9. 9. REVIEWING THE PRINCIPLES 1. What are the goals of teacher who use The Grammar – Translation Method According to the teachers who use The Grammar – Translation Method, a fundamental purpose of learning a foreign language is to be able to read literature written to the target language. 2. What is the role of the teacher ? what is the role of the students ? The role are very traditional. The teacher is the authority in the classroom. The students do as she says so they can learn what she knows. 3. What are some characteristics of the teaching/learning process ? Students are taught to translate from one language to another. Often what they translate are readings in the target language about some aspect of the culture of the target language community.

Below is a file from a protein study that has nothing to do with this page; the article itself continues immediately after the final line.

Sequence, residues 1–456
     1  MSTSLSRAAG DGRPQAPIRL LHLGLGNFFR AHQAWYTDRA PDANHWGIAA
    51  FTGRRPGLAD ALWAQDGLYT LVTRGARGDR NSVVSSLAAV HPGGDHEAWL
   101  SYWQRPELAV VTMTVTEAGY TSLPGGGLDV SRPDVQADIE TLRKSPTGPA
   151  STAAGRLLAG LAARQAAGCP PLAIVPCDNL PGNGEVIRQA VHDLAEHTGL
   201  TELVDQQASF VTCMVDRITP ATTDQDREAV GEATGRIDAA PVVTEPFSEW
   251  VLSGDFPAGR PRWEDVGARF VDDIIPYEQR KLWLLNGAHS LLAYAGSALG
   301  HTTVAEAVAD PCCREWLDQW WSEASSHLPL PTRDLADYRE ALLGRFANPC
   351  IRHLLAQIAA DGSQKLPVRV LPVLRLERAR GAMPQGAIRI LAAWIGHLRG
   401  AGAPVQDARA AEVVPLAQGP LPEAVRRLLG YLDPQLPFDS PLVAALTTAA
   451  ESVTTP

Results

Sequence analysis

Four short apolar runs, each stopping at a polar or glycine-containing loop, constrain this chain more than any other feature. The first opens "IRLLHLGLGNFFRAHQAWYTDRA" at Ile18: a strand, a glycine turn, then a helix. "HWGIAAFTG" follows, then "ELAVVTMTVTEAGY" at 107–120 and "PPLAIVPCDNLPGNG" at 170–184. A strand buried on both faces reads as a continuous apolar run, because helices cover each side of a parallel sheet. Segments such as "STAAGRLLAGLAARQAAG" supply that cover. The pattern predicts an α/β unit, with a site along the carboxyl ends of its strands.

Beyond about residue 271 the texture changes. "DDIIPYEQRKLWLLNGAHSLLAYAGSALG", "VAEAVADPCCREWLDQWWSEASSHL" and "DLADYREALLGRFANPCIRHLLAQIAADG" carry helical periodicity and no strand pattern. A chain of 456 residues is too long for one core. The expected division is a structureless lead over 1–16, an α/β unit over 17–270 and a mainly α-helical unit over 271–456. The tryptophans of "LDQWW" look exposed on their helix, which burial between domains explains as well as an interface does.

10. 10. 4. What is the nature of student-teacher interaction? What is the nature of student-student interaction? Most of the interaction in the classroom is from the teacher to the students. There is litte student initiation and little student- student interaction. 5. How are the feelings of the students dealt with ? There are no principles of the method which relate to this area. 6. How is language viewed ? how is culture viwed ? Literary language is considered superior to spoken language and is therefore the language that students study. Culture the viewed as consisting of literature and the fine art.